[BLANK_AUDIO] Why did you feel it was important to write a book now? I Don't Belong To You. It's a very powerful title. So tell me a little bit, why you felt- Because I think this is when we really have to start, I mean, at this age, I don't know when we are gonna be able to take ownerships of ourselves. I found that I was able to achieve so much more in my life as I started Started to gain more confidence and learned how to yield more confidence in myself by hearing about how I feel, try to [UNKNOWN] essentially, giving myself a moment of silence and learning different practices that allow my mind to be clear enough to where my creativity can flow through. And so I wanted to write it because look, I'm 23. I've been Exposed to so many things that unfortunately not a lot of people my age have been exposed to because of money and things like that. And so I felt like it would be a disservice to not only them but to myself to not give that away. It wasn't given to me to just hold inside. I know when I read the book because I mentioned off camera that I had a preview copy if you will. That I thought it really shocking. You've had so much success from such a young age that you struggle from self-esteem issues. Definitely. So how did you exactly tap into that and say, you know what, this is who I am, and I'm owning it? Because you're definitely owning it. My gosh, thank you. Well, I started Much real if my self esteem issues came from the industry meaning the industry started to pigeonhole me and in turn me trying to maneuver myself to let them pigeonhole me is one thing not as multitask as I actually am that in turn what's made me have low self esteem because I was not putting myself first and so what happened was I spent a lot of time in and out of depression and my anxiety and understanding that Culturally that is something that, my family has dealt with for years. And coming to understand all these things, I started to peel back the layers, and I pretty much just started to simplify what the problem was, which is that yo, I gotta be Kinder to me. Yes. I've got to take time for me. I have to input practices in my life that allow me to feel good about me. What i'm eating, what i'm ingesting, the knowledge, the things i'm reading People you're around. The people i'm around. All those things we just. It's like when you were a kid, your mom is like "yo, we got to church.' your dad is like, ' let's go to church.' Like, 'why we got to go to Church. I realize that's why. Church, let's take away the whole religion part of it that gives people the heebie-jeebies. And let's just say church is just meant to be a place where people that are like-minded can go together and talk and uplift one another. [BLANK_AUDIO]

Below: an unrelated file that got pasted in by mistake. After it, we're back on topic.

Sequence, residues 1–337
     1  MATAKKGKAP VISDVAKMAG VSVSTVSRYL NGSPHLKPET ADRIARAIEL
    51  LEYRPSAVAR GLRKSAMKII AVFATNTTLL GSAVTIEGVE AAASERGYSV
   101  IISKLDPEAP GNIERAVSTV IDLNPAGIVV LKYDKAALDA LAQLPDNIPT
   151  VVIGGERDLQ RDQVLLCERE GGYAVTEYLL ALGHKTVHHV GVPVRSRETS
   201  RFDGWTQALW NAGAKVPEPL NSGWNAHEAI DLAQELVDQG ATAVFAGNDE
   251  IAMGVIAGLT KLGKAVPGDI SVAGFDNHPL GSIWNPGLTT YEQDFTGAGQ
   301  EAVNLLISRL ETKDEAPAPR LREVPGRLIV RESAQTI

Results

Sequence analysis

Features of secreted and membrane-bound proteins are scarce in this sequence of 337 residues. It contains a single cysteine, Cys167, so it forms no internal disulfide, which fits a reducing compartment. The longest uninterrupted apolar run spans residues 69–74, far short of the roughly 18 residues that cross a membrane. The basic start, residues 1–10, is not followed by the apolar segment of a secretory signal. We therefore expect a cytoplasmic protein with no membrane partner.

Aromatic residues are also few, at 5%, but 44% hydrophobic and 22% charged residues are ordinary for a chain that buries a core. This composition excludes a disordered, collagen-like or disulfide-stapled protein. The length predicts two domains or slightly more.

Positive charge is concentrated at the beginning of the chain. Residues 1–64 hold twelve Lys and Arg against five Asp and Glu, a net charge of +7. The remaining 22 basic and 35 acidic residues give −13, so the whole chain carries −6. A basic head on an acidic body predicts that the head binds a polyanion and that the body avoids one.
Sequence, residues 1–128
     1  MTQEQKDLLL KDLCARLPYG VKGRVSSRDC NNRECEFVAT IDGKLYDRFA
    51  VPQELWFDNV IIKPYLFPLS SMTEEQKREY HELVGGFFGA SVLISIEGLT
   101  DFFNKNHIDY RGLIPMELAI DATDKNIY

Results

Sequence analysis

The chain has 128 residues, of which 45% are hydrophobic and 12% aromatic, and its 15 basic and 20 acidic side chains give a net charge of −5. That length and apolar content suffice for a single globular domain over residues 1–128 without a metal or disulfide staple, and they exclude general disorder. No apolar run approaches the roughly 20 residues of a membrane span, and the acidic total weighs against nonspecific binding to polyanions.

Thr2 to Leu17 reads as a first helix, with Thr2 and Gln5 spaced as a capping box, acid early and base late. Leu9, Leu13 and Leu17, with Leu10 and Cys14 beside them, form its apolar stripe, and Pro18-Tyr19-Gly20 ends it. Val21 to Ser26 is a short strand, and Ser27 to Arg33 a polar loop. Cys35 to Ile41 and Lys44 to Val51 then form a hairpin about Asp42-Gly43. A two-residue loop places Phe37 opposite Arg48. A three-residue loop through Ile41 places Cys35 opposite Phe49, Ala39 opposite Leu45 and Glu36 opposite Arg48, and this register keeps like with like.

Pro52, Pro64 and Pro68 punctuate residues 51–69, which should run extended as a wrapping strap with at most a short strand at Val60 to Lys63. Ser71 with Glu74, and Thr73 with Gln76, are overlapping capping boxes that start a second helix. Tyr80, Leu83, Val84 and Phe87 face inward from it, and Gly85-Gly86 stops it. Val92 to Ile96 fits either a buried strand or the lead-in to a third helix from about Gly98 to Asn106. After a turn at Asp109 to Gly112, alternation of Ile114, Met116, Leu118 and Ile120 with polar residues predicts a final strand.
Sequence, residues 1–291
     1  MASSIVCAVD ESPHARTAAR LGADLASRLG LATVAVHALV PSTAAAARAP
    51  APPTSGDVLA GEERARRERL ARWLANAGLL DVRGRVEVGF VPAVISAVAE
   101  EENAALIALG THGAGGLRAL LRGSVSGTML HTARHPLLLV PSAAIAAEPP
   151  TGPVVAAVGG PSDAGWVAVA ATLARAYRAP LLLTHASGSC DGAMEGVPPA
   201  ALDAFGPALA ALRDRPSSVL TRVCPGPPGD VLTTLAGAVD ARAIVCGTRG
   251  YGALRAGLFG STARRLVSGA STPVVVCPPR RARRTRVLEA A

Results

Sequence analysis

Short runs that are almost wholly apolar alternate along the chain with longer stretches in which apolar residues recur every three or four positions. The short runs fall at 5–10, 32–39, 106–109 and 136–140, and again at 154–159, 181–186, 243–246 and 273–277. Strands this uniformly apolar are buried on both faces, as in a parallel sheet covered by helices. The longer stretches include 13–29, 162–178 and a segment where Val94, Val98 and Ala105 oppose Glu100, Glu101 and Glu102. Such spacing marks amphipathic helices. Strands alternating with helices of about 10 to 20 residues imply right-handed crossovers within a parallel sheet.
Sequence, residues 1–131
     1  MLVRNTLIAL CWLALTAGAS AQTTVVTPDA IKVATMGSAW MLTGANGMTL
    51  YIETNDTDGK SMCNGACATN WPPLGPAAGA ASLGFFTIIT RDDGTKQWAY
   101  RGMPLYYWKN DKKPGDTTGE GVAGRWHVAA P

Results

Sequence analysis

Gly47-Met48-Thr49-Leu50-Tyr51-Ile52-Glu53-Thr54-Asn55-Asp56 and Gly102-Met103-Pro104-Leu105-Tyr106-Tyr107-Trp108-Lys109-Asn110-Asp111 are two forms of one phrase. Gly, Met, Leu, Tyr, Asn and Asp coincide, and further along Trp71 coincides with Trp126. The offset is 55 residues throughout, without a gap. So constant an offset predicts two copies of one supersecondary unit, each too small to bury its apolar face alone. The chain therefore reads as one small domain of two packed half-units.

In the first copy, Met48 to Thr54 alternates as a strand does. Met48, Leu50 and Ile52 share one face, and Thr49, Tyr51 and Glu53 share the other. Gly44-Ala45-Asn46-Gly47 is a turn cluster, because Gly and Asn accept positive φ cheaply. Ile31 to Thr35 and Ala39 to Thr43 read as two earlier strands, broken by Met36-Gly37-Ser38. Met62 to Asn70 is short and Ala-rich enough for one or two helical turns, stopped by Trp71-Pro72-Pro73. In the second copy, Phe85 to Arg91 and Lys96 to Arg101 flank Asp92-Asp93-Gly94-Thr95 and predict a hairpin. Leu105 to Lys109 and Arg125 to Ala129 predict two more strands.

The multi-talented Keke Palmer has never been one to bite her tongue, especially when it comes to speaking her truth.
The 23-year-old beauty recently sat down with Yahoo Beauty to talk about her evolution within an industry that continues to praise inauthentic beauty standards. Specifically, she called out the scope placed on celebrities like the Kardashians, who are lauded for being what many consider to be the perfect archetype of a woman.
“In the sense of the Kardashians, it’s like I’m going to show you so much perfect and be everything a woman should be or everything a man would like or love,” she said. “And I’m going to be exactly that so you can’t bully me anymore,” speaking in reference to the scrutiny Kylie Jenner faced as a pre-teen in the spotlight.
“You’ve had a young girl people have seen on television since she was a kid and they literally told her she was so ugly. She went and did apparently everything the world deems as beautiful. The even crazier part is that everybody loves her for it.”
Keke says that she herself has faced such pressures, but always makes sure she remembers that staying true to herself is key to her sanity and longevity in such a crazy industry. She says she felt the most pressure and kickback when she decided to ditch what had become her signature long strands for a buzz cut.
The actress recently accentuated her big chop by taking it from brown to purple.
“For years, I was getting pigeonholed into this specific look, this ‘Keke Palmer‘ look. This Black girl with this type of hair look,” said Keke. “But when it gets to the point when you feel like you can’t be you without hair on the top of your head that’s not yours, that’s oppression.”
We’ve since seen Keke rock everything from short blonde pixies to braided mohawks. The key, in Keke’s opinion, is to remember that hair is simply hair, and it’s versatile.
“I can still put a wig on, still rock a weave, but at the end of the day still know that this is my hair. It’s curly, it’s kinky, it’s thick, it’s thin sometimes, and I love that.” We couldn’t agree more!
Read Keke’s full interview on Yahoo Beauty, and be sure to check out her new web series, “That’s The Gag,” on YouTube.